WITHOUT WATER, THERE IS NO LIFE.
Learn about the water crisis
HEALTH AND SANITATION
Diseases from unsafe water and lack of basic sanitation kill more people every year than all forms of violence, including war. Children are especially vulnerable, as their bodies aren’t strong enough to fight diarrhea, dysentery and other illnesses.
90% of the 30,000 deaths that occur every week from unsafe water and unhygienic living conditions are of children under five years old. Many of these diseases are preventable. The UN predicts that one tenth of the global disease burden can be prevented simply by improving water supply and sanitation.
A clean water project nearby means more than safe drinking water to women and children in developing nations; it means time, freedom and incentive to change their communities. women and children.
In Africa alone, people spend 40 billion hours every year just walking for water. Women and children usually bear the burden of water collection, walking miles to the nearest source, which is unprotected and likely to make them sick.
Time spent walking and resulting diseases keep them from school, work and taking care of their families.
Along their long walk, they’re subjected to a greater risk of harassment and sexual assault. Hauling cans of water for long distances takes a toll on the spine and many women experience back pain early in life.
With safe water nearby, women are free to pursue new opportunities and improve their families’ lives. Kids can earn their education and build the future of their communities.
ECONOMIES / COMMUNITIES.
In Africa alone, the overall economic loss due to lack of safe water and sanitation is $28 billion, or about 5% of GDP. In areas where gathering water is impossible, small-scale private water distributors charge full market prices, forcing the poorest households to spend up to 11% of their income on life’s most basic need. Even this water is most likely contaminated if it has been collected from unprotected rivers or ponds. Water is an astonishingly complex and subtle force in an economy. It is the single constraint on the expansion of every city, and bankers and corporate executives have cited it as the only natural limit to economic growth.
- Margaret Catley-Carlson, Vice-Chair, World Economic Forum
Feeding our world takes up to 90% of our freshwater withdrawals but many people in developing nations still don’t have access to enough water for irrigation. When a water project is built in a community, members can often use the new water source to grow small gardens near their homes and secure their own food supply. Self-sufficient households are less affected by external conflict, famine or inadequate government services.
All members – men and women — are engaged in the construction and maintenance of their charity: water projects. When complete, 6-10 community members are appointed to the Water Committee and are responsible for overseeing the functionality of the water point. Water Committees are often the first chance for women to step into elected leadership roles. This new responsibility can restore dignity, initiative and equality to community members.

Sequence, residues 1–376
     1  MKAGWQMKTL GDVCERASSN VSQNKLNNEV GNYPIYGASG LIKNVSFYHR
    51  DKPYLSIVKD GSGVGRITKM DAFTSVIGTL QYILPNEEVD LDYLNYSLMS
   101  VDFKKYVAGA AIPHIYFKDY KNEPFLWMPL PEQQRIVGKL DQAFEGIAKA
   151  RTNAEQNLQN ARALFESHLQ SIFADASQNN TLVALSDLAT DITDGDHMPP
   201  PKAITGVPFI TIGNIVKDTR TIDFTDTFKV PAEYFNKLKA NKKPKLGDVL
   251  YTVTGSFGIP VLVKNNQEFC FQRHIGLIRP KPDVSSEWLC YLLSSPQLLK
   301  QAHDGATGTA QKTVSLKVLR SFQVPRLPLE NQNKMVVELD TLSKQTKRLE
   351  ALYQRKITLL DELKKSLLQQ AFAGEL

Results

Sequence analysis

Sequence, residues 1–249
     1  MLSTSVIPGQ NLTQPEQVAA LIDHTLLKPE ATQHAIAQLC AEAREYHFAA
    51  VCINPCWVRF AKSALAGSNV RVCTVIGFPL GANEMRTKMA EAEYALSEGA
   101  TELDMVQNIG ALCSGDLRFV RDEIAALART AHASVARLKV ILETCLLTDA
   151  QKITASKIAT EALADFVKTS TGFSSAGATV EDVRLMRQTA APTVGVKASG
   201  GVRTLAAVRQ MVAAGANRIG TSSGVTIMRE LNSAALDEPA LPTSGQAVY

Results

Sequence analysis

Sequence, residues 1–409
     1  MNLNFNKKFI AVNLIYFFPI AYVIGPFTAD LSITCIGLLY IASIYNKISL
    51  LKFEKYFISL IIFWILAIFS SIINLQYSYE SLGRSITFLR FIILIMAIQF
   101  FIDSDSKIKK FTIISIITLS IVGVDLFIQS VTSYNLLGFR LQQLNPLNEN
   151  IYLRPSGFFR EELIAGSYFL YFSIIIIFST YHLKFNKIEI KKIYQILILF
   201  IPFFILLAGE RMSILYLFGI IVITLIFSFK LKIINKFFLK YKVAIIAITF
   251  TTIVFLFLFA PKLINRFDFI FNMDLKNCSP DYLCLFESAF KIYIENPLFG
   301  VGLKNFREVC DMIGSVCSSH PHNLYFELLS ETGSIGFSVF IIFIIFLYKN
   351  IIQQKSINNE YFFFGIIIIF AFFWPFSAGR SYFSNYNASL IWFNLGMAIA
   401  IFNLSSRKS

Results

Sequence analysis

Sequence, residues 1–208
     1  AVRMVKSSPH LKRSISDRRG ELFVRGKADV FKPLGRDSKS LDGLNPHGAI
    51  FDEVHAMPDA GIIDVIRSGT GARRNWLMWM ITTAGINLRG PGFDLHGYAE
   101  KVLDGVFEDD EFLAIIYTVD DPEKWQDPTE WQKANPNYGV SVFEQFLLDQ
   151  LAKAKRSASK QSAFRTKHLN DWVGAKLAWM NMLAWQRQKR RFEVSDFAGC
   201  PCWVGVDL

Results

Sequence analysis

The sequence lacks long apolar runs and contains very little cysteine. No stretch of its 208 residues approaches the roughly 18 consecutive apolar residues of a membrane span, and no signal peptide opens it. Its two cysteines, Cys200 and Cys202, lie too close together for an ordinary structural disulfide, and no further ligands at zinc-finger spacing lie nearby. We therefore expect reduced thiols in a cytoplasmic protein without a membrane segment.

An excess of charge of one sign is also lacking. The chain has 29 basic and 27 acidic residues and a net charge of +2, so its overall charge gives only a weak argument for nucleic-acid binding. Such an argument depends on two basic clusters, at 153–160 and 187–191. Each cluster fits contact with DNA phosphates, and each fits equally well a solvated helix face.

By 2050, the world’s population is estimated to grow by three billion and 90% of this growth will be in the developing world. Unless sustainable water solutions are scaled fast, regions already stressed for safe water sources will be over capacity. We have to expand our reach to meet these demands and will not stop until every person has safe water to drink.
The walk for water that used to take everyone here three hours, now takes 15 minutes. And the water is safe to drink.
A hygiene worker teaches your village the importance of sanitation. Your community builds latrines and sets up handwashing stations.
You join the Water Committee to oversee your village’s new water source. As a woman, this is your first local leadership position.
You use the extra time and new water source to start a vegetable garden and feed your family. You sell your extra food at the market.
Your kids spend more time in school instead of walking for water. They graduate to become teachers, hygiene workers or business owners.
A nearby village learns how water transformed your community. They petition for a well in their village, and the cycle starts again.
WATER AS A CATALYST: DISEASE PREVENTION.
charity: water focuses on life’s most basic need — water. But to significantly cut down disease rates in the developing world, water is just the first step. Almost everywhere charity: water builds a freshwater well, we also require sanitation training. In some communities, we build latrines; at the very least, we promote simple hand-washing stations made with readily-available materials. Clean water can greatly alleviate the world’s disease burden, but only with education and hygienic practice. charity: water is committed to using water as a gateway to sanitary living.
ADDING IT UP: THE RETURN.
Every $1 invested in improved water access and sanitation yields an average of $12 in economic returns, depending on the project.
Even in regions prone to natural disasters, water infrastructure has proven to be a smart investment, sometimes reducing flood damage or disease rates among survivors. Clean water transforms lives, communities and generations — and at a surprisingly low cost. $20 can provide clean water for one person.